Another person I met while doing research for my upcoming book on bullying was Terry Grahl. Terry is the founder and CEO of Enchanted Makeovers. The mission of Enchanted Makeovers is to transform shelters for women and children into an environment that inspires psychological and behavioral change. A haven is created where women and children rebuilding their lives are reminded everyday they hold the ”golden ticket” to transforming their dreams into reality. Our unique makeovers, projects and programs supplement the shelter’s efforts, building a stronger foundation for success and improved outcomes.
I am honored that Terry has agreed to be interviewed for my blog.
TM: How did Enchanted Makeovers come to be?
TG: A polka-dotted pillow changed my life and my journey. When I tell people this, most will say, “what?” and then envision a pretty, feminine, polka-dotted pillow, trimmed with a big flowing ruffle. Well, that is exactly what my heart saw when I viewed the old, worn, tattered bed (photo below), but clearly not what my eyes saw. That vision was the beginning of my personal transformation.
Opportunities present themselves all of the time. We just have to be awakened enough to see them. I feel blessed that God opened my eyes with the vision of the polka-dot pillow. You see, in December 2006, I received a call from a gentleman asking for help. I was an interior decorator, and he was the black tie event coordinator of a local shelter.He said, “we would be so grateful even if you just painted one wall.” Honestly, at the time, my first reaction was fear. I was fearful of going. I really didn’t know what to expect. I had never been to a shelter.
I decided to make the visit and, as with all of the consultations I conducted with my private clients in my decorating business, I took photos to assist with any necessary planning and visualization. That is, if I would actually accept the volunteer job. I still wasn’t sure, and was leaning towards a “probably not”.
A week had passed since my first visit to the shelter. I hadn’t given it much thought. All I know is that I had this lingering feeling of despair knowing the living conditions of the women and children. I began to reflect upon my own expectations for my life and the dreams of a child. I was a big dreamer; my mother instilled this upon me and my siblings.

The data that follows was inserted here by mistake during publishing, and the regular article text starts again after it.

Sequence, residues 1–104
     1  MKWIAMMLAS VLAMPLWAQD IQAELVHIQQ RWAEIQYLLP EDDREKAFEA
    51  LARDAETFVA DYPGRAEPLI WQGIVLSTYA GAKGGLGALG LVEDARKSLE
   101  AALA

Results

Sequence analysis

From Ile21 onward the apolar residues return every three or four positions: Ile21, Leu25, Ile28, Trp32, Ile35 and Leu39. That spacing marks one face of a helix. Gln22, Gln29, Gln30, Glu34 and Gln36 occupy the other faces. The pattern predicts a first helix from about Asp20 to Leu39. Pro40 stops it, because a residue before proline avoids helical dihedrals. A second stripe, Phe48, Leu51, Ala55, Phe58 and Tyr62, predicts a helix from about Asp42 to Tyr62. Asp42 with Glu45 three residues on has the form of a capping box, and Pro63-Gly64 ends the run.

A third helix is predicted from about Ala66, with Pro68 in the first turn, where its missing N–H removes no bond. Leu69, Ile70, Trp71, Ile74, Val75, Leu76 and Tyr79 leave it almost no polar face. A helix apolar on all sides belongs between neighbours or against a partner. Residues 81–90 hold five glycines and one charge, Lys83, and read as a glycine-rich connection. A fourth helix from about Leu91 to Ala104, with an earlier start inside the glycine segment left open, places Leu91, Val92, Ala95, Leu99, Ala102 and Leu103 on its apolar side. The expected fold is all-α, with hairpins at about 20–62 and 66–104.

Had I forgotten my own dreams?
My mother taught me that decorating didn’t need to be motivated by money and that by relying on your own creativity and vision – each home improvement was a selfless act of love. For my mother, making a home where her five children felt safe and where our spirits could soar was as important as keeping us fed and clothed.
There amongst the harshness was something dear to my heart: a polka dot, a safe pattern that has no sharp edges. There on that seemingly ordinary pillow was an answer. It was an answer from within me but not directly from me.When I saw the polka dots in that picture, I heard, “Trust me.” From that moment, I knew I was prepared to do whatever I could to bring hope to those women and children.Soon, I was back at the shelter presenting them with a design plan and a vision of what was to come. There was no turning back. I vowed to see this project to completion.
With no funds and no volunteers lining up at the door, I had only to put my trust in God, keep the faith and, most importantly, I needed to step away from my ego. These women and children must not be disappointed again.
As I presented the plan to the group of women and staff, I was overcome with emotion. I again was that vulnerable child wanting their acceptance. I realized the thin wall that separated our lives. We all deserved and desired the same things. It was simple, but seemingly so complicated in its simplicity. I would find a way to break through this thin wall.
Transforming the shelter took more than just my decorating skills. It required me to pull out strengths I didn’t know I had- finding, organizing, and leading enthusiastic volunteers and donors nationwide to help me carry out my vision.
You can read part 2 of my interview with Terry Grahl here.